There is an opportunity today with the pandemic for the bazaar to help organisations working on improving the system and be more flexible/open to strengthen organisations not just support projects but to think about the social space and not just a project in the neighbourhood of their industry.

The Way Forward: A Vibrant Public Sphere

The last year and a half have laid bare the great gaps in India’s health, food, sanitation, education, housing and social protection systems. Lack of data on the most vulnerable, especially the urban poor and the informal workers, inadequate access to a job, food, health and other basic social securities, have entered national conscience like never before. In a study published by Vani, it was observed that “In a country like India, the voluntary sector bridges the gap between the government and the population of the country. It identifies the needs of the community and provides its support and services, even in the most untouched and marginalised areas where the government is not able to reach.”

Today, some argue that the problem for governance is the “missing middle”[10] — between spaces for public opinion below, and constitutional forums such as elected assemblies and courts at the top — to find democratic solutions to citizens’ problems. Therefore, building a middle layer of institutions for democratic deliberations amongst citizens has become essential for democratic governance.

The crisis has also brought out in the open the inequities that are reproduced and sustained by caste, gender and class underpinnings of our everyday life. Seizing this window of opportunity, we must bring back our focus on solutions long advocated by civil society. It is about time we revisited the role played by Indian industrialists and businesses during the Freedom Movements. We need nothing less than a renewed attempt at social reconstruction. All we need to do is to look around us and see how we can develop a system that will routinely and institutionally address the question of misery, marginalisation, poverty, hatred, violence, bigotry, and so on.

At Apnalaya, we are in the process of creating a development collective or Samoohik Vikas Samiti. The intent is to facilitate the formation of a more sensitive public sphere led by motivated organic leaders from the community through the formation of SVS, a public platform of disparate individuals and groups invested in a common theme. For example, an SVS on Water or Education will consist of multiple stakeholders in the city – researchers, writers, journalists, policymakers, administrators, CSOs and the local community volunteers working on Water or Education. We aim to redefine civic engagement, access to social entitlements, transparency and accountability of the duty bearers and the government bodies, in such a way that the struggle against marginalisation does not remain the sole concern of the marginalised alone. The sensitive and informed public sphere will ensure that the advocacy of those who live on the margins is shared by those who have voice and visibility as well.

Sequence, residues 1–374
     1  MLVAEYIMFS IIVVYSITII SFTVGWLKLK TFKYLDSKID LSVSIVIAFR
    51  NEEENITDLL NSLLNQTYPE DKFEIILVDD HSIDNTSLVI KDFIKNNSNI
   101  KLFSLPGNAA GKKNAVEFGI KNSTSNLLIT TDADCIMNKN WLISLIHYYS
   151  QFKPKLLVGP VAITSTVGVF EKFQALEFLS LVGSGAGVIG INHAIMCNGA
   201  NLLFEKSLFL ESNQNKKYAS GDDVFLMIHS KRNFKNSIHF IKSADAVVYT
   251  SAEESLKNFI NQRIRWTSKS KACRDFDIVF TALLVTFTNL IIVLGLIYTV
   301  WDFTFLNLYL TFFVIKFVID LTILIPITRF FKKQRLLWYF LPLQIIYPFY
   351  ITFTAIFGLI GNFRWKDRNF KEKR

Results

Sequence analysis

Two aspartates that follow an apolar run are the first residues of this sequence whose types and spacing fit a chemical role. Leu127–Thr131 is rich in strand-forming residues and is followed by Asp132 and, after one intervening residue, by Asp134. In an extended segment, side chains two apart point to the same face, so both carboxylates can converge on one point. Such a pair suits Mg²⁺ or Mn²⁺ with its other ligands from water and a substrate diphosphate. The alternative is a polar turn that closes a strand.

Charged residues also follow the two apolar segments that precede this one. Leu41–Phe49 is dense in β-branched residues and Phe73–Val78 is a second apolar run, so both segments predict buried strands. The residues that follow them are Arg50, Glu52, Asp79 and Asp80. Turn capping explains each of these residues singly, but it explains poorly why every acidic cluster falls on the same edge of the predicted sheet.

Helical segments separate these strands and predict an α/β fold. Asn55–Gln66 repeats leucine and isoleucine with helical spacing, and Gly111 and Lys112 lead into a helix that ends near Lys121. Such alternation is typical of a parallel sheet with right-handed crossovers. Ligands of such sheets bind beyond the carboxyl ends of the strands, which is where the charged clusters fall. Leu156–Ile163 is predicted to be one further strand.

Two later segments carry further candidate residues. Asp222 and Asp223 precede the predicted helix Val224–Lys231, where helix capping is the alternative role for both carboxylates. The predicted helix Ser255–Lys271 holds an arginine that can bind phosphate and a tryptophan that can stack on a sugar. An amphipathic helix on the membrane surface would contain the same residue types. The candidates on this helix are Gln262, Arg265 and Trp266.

The bazaar should consider strengthening efforts that seek to create and support this “middle”. The pandemic has seen a rise in collaboration between funders, government, and CSOs, resulting in the co-creation of solutions to complex social issues such as hunger, migration, and vulnerable workers. Greater familiarity and trust-building efforts have resulted in greater openness to collaboration. 

The crisis has also brought out in the open the inequities that are reproduced and sustained by caste, gender and class underpinnings of our everyday life. Seizing this window of opportunity, we must bring back our focus on solutions long advocated by civil society. It is about time we revisited the role played by Indian industrialists and businesses during the Freedom Movements. We need nothing less than a renewed attempt at social reconstruction. All we need to do is to look around us and see how we can develop a system that will routinely and institutionally address the question of misery, marginalisation, poverty, hatred, violence, bigotry, and so on. We appear to have lost the plot of nation-building. Feeding a hungry child is necessary. However, the distribution of biscuits alone is not going to usher us in a new dawn.   

Arun Kumar is the CEO of Apnalaya, a civil society organisation that enables and empowers the urban poor. 
Diksha Shriyan works as Project Manager, Citizenship & Advocacy Programme at Apnalaya.

References:
[1]https://www.indiatoday.in/business/story/explained-how-covid-19-crisis-has-exposed-india-s-growing-wealth-gap-1795932-2021-04-28

[2] https://www.britannica.com/topic/embeddedness#ref1181137
[3] https://scroll.in/article/963384/full-text-draconian-lockdown-incoherent-strategies-led-to-india-paying-a-heavy-price-say-experts
[4] Revisiting the Margins: https://apnalaya.org/publications/
[5] https://www.orfonline.org/research/onward-to-the-sustainable-development-agenda-2030/
[6] https://www.outlookindia.com/newsscroll/rs-49000-crore-foreign-funding-to-indian-ngos-in-3-yrsrs-49000-crore-foreign-funding-to-indian-ngos-in-3-yrsnew-delhi-au/2139256
[7] https://thewire.in/business/philanthropy-domestic-firms-ngos-decline
[8] https://idronline.org/are-social-change-and-scale-mutually-exclusive/
[9] https://newleftreview.org/issues/i27/articles/richard-titmuss-the-limits-of-the-welfare-state
[10] https://indianexpress.com/article/opinion/columns/why-the-citizens-assembly-is-an-idea-whose-time-has-come-7467452/